Tennessee Valley Authority (TVA)
Tennessee Valley Authority (TVA) is the biggest government-owned utility [PDF] in the U.S. TVA was started as a means of modernizing the Tennessee region during the Depression. As a federal entity, TVA receives no support from taxes and all profits it earns are reinvested back into TVA’s utility operations. Unlike most utilities, state regulators have no control over TVA.
TVA creates about 46% of its power from fossil fuels. Six of TVA’s 11 plants use coal mined through mountaintop removal. The remaining 5 purchase from companies that practice mountaintop removal, even if mountaintop removal coal is not used by the plants.
Collectively, TVA’s coal plants cause $6 billion worth of health impacts per year, including costs associated with asthma, heart attacks and death. TVA is the 5th worst utility for emitting carbon dioxide in the nation and the 15th worst in the world.
Kingston coal ash spill:
An overarching issue at TVA has been the December 2008 coal ash spill at Kingston Fossil Plant in Harriman, Tennessee. The collapse of a containment pond unleashed 5.4 billion cubic yards of remnants from the burning of coal, destroying homes in the process. The spill was the largest of its kind in U.S. history.
TVA’s attempt to recover from the spill has been a not untroubled process. A June 2009 report from a TVA-hired consultancy, AECOM [PDF], concluded that the spill had been caused by, among other things, a thin layer of ash sludge “slimes” that had formed in one section of the pond. The layer caused the impoundment to shift with time until it finally broke forth. TVA engineers never detected the layer in their inspections, and a TVA lawyer later likened the situation to an airplane crew who would never detect an internal wing crack no matter how thoroughly they had conducted an inspection.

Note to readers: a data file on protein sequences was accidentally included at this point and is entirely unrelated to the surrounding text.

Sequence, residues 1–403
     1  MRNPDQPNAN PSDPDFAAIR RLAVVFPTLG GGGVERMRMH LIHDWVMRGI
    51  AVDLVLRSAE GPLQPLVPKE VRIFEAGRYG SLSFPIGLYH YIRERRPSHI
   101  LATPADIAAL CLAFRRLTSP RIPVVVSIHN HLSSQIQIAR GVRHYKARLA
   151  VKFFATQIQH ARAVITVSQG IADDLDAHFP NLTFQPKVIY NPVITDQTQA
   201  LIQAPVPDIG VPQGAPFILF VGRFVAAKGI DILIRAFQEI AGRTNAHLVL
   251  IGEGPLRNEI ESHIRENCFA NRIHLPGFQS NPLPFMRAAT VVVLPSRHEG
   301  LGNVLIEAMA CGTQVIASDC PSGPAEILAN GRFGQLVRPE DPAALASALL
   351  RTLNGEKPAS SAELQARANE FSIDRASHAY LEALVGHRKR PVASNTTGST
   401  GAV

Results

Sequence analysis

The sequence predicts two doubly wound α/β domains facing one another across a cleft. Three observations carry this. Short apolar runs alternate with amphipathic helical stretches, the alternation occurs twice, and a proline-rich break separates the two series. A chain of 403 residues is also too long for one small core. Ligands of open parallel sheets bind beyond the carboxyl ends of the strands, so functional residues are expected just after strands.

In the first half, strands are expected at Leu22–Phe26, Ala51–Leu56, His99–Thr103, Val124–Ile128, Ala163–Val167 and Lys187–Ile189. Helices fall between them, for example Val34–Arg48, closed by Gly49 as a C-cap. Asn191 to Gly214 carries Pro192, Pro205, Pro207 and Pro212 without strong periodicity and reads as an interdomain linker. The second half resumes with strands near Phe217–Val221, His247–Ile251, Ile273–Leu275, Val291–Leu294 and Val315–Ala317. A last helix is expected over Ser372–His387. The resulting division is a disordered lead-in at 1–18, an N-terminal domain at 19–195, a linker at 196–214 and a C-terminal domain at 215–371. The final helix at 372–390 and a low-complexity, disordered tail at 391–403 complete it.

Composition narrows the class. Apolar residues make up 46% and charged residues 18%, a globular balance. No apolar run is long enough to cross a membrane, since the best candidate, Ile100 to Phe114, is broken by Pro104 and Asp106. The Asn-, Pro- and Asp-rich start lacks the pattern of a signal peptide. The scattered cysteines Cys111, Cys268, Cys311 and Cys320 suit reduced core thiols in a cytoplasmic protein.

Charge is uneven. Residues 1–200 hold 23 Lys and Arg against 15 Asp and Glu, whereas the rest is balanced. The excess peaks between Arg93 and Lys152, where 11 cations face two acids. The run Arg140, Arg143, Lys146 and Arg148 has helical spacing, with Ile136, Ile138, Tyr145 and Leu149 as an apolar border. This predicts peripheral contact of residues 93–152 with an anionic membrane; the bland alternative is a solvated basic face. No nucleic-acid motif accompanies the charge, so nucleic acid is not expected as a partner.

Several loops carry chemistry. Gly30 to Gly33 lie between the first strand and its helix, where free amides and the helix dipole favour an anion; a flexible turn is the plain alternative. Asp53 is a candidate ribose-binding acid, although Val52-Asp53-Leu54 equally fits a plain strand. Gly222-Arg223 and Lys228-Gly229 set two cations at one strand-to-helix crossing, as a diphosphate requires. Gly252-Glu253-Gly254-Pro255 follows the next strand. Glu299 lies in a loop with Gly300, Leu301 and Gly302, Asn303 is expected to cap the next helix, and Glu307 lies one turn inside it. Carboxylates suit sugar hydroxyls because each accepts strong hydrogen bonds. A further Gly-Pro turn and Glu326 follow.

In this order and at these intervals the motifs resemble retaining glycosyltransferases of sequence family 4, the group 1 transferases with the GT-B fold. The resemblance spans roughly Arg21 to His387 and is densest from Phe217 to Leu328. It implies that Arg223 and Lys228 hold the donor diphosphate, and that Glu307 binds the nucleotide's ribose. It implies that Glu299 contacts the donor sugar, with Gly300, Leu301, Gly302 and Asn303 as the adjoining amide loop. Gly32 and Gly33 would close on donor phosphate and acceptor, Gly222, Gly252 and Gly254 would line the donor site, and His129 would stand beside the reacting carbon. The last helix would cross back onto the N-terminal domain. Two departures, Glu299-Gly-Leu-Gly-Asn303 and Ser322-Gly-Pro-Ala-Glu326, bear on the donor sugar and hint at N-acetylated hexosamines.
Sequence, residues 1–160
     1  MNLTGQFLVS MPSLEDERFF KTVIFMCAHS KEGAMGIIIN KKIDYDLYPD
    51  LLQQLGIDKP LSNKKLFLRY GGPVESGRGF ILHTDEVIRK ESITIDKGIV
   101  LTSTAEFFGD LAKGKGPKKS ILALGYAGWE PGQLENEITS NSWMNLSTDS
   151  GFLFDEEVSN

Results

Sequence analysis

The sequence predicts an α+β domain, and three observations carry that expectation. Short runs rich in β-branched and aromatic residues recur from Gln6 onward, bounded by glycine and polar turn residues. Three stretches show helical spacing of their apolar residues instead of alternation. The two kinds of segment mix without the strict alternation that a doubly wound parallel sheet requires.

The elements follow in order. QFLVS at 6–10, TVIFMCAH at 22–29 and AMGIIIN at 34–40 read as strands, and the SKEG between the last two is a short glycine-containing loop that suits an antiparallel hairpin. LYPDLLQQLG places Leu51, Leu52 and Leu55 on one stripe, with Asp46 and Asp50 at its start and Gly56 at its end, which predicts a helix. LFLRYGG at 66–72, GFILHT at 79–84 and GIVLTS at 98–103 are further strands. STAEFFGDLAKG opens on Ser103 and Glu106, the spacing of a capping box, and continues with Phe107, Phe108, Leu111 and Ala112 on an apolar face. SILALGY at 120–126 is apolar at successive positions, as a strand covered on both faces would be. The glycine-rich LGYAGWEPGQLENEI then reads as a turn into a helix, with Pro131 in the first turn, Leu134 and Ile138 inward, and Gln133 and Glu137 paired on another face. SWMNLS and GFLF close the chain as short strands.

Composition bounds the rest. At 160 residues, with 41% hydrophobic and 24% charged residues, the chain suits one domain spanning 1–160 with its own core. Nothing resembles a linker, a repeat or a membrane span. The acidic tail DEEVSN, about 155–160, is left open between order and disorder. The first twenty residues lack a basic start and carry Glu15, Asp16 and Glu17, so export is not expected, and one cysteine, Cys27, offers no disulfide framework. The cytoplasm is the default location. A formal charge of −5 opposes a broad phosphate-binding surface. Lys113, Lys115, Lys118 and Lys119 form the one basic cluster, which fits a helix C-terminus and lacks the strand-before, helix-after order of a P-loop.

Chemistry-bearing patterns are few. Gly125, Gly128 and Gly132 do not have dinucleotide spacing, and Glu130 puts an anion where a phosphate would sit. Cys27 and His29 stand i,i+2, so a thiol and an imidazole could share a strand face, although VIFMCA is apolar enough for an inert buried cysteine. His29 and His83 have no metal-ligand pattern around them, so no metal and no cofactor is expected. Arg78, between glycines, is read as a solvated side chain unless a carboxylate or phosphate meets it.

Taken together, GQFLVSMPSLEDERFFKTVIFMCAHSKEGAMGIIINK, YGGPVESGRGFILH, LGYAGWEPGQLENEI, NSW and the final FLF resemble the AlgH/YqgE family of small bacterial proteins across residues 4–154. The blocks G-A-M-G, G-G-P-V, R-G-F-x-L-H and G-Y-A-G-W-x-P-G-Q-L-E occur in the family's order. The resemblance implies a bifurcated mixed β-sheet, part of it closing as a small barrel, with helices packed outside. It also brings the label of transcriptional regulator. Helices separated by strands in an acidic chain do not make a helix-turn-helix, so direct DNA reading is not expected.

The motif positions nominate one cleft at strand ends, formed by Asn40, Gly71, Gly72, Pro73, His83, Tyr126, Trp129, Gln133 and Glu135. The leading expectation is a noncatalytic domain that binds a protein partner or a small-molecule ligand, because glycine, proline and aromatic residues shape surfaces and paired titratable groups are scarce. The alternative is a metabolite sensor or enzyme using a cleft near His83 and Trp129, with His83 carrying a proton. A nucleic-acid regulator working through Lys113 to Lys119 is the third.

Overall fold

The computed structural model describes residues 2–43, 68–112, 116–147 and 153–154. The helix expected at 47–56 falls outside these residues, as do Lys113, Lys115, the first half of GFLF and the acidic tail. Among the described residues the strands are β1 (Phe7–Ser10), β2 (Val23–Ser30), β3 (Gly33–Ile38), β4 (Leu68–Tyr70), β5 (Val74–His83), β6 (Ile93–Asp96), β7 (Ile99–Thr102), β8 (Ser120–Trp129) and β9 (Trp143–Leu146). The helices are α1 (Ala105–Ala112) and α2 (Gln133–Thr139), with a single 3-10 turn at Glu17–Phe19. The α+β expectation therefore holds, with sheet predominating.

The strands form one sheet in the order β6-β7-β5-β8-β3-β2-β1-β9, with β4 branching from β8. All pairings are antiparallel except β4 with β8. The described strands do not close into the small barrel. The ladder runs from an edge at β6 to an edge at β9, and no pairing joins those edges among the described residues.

But the report was rebuked the following month by TVA’s Office of the Inspector General [PDF], which wrote that the report failed to investigate such things as the possible role of TVA’s management in the disaster, and that it “overemphasized” the role of the slimes layer. “TVA management handled the root cause analysis in a manner that avoided transparency and accountability in favor of preserving a litigation strategy,” the Inspector General reported.
Additionally, it is noteworthy that AECOM, the consultant firm hired by TVA, is an “associate member” of the American Coal Ash Association, a trade association whose stated mission is to “advance the management and use of coal combustion products in ways that are environmentally responsible, technically sound, commercially competitive, and supportive of a sustainable global community.”
In same month TVA’s inspector general criticized the AECOM report, another TVA-hired consultancy, McKenna Long & Aldridge, found that “the necessary systems, controls, standards and culture were not in place” to prevent the spill [PDF]. McKenna Long & Aldridge is not a member of the American Coal Ash Association.
Damages from the Kingston spill ran up to $1 billion, and despite claims by the company in 2010 that the clean-up had left the spill site “better than it was before the spill”, scientific work from that same year suggested the area remained adversely affected.
TVA’s liability for the spill came to a head during a trial in September and October of 2011. During the trial, witness testimony described the irresponsible practices that led to the disaster. One senior manager described the perfunctory attitude toward scientific monitoring at the impoundment, with unqualified employees collecting data for an uncertain destination. An outside expert also testified that TVA personnel were poorly prepared to carry out inspections. A TVA engineer who was conducting a study of the impoundment admitted that he removed the word “immediately” from a company report when referring to the need for repairs. He said the idea came from TVA’s public relations department. The engineer also testified that—in an effort to avoid confusing his colleagues—he actively removed data readings taken during the time surrounding the spill.